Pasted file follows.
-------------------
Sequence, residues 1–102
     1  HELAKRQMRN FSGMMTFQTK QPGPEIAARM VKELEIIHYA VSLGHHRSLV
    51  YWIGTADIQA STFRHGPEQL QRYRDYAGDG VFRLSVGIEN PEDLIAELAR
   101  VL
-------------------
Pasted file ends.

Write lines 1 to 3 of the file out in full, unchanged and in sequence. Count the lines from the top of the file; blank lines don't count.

Sequence, residues 1–102
     1  HELAKRQMRN FSGMMTFQTK QPGPEIAARM VKELEIIHYA VSLGHHRSLV
    51  YWIGTADIQA STFRHGPEQL QRYRDYAGDG VFRLSVGIEN PEDLIAELAR